Response to Select Committee report: Government progress on patient safety recommendations

  • 22nd March 2024

The Health and Social Care Select Committee’s Independent Expert Panel produces reports which assess progress the Government has made against their own commitments in different areas of health and care policy. On the 22 March 2024 they published a new report evaluating the implementation of accepted recommendations made by inquiries and reviews into patient safety. This blog sets out Patient Safety Learning’s response to its findings.

Patient Safety Learning welcomes the Expert Panel’s new report today stating that Government action to improve patient safety “requires improvement”.[1]

Reviewing a list of recommendations pertaining to patient safety and whistleblowing in the NHS, the Expert Panel identified five recommendations across three broad policy areas for investigation:

  • Maternity safety and leadership
  • Training of staff in health and social care
  • Culture of safety and whistleblowing

It gave each individual recommendation a rating in the style used by national bodies such as the Care Quality Commission. Overall, it noted that:

“… despite good performance in some areas, the evidence we received has led us to rate the Government’s overall progress in the area of patient safety as ‘requires improvement’. Our rating partly reflects the length of time it has taken for the Government to make progress on fully implementing four of the recommendations which were accepted nine years ago, or longer. Progress is imminent in several areas, which is reassuring, but we remain concerned about the time it has taken for real action to be taken. In two cases, the promised guidance or legislation to implement the recommendation has been delayed.”[2]

Our submission to the Expert Panel

Patient Safety Learning submitted a response to the Panel as part of this review earlier this year. This focused on two areas:

1. Culture of safety and whistleblowing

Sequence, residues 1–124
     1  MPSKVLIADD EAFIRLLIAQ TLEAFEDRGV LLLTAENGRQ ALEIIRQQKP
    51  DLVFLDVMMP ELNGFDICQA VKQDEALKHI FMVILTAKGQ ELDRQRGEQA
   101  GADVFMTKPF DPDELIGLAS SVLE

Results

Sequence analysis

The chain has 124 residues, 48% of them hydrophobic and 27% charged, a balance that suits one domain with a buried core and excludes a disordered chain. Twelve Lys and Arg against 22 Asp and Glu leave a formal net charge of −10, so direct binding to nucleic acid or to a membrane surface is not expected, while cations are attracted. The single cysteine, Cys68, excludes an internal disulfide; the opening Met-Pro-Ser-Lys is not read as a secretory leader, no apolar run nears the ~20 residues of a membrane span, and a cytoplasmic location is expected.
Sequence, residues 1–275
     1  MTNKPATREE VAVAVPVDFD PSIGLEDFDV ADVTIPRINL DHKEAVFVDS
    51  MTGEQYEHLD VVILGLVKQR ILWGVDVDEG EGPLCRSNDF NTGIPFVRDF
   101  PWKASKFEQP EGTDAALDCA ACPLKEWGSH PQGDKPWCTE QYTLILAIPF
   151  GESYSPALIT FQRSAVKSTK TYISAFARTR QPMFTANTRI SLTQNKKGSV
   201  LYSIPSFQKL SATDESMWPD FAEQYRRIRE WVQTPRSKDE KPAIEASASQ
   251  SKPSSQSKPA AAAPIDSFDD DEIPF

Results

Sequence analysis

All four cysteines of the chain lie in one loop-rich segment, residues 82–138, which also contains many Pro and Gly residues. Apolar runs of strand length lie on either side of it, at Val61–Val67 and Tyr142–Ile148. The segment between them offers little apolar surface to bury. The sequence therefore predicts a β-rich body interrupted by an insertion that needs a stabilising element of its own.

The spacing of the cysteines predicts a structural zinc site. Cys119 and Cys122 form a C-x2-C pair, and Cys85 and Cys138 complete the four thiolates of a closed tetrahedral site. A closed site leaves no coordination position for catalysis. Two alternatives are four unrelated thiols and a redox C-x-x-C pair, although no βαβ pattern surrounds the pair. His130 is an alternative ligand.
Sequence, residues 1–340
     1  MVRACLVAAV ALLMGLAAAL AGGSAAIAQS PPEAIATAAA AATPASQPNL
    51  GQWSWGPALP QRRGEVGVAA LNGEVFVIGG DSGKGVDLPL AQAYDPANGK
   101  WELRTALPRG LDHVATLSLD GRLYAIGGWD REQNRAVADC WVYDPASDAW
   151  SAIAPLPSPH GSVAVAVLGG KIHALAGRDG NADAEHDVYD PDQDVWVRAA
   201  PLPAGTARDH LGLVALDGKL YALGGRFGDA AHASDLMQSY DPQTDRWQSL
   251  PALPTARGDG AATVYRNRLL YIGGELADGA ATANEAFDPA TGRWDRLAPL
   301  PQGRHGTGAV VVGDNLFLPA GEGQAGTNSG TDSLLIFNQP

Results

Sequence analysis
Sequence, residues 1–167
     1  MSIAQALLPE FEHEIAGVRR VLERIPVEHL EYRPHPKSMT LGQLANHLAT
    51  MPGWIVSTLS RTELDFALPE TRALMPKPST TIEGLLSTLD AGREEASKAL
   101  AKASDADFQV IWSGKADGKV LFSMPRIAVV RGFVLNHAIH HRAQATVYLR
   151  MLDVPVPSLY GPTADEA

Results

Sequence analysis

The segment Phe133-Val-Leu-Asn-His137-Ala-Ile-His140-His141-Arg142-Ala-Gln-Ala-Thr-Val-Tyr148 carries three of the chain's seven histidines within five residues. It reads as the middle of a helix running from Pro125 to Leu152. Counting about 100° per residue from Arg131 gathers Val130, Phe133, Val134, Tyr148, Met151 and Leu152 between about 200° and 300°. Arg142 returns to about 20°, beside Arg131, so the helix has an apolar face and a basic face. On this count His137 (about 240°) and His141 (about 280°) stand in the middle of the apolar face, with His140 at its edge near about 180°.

The Panel was assessing the progress that had made in implementing a specific recommendation from the Robert Francis QC’s review into speaking up in 2015. This recommendation stated that:

“Every organisation involved in providing NHS healthcare, should actively foster a culture of safety and learning, in which all staff feel safe to raise concerns.”[3]

In our response we noted that blame cultures and a fear of speaking up continue to persist in significant parts of the NHS. We highlighted evidence of this drawn from staff survey results, patient safety scandals and the shocking experiences and testimonies of whistleblowers.

We acknowledged the positive development that NHS England, over the last two years, has introduced several new good practice resources aimed at helping organisations to foster a patient safety culture. However, we also pointed to concerns that there appears to be no clear system for ensuring implementation across the NHS with no public plans for monitoring and evaluation. This means that it is difficult to easily ascertain which organisations are aware of the guidance and have made commitments to implement this, what progress they have made and what impact it is having.

2. Inquiry recommendations and the implementation gap

We also highlighted issues beyond the individual recommendations being considered by the Expert Panel, concerning the implementation gap relating to patient safety inquiries and reviews more broadly.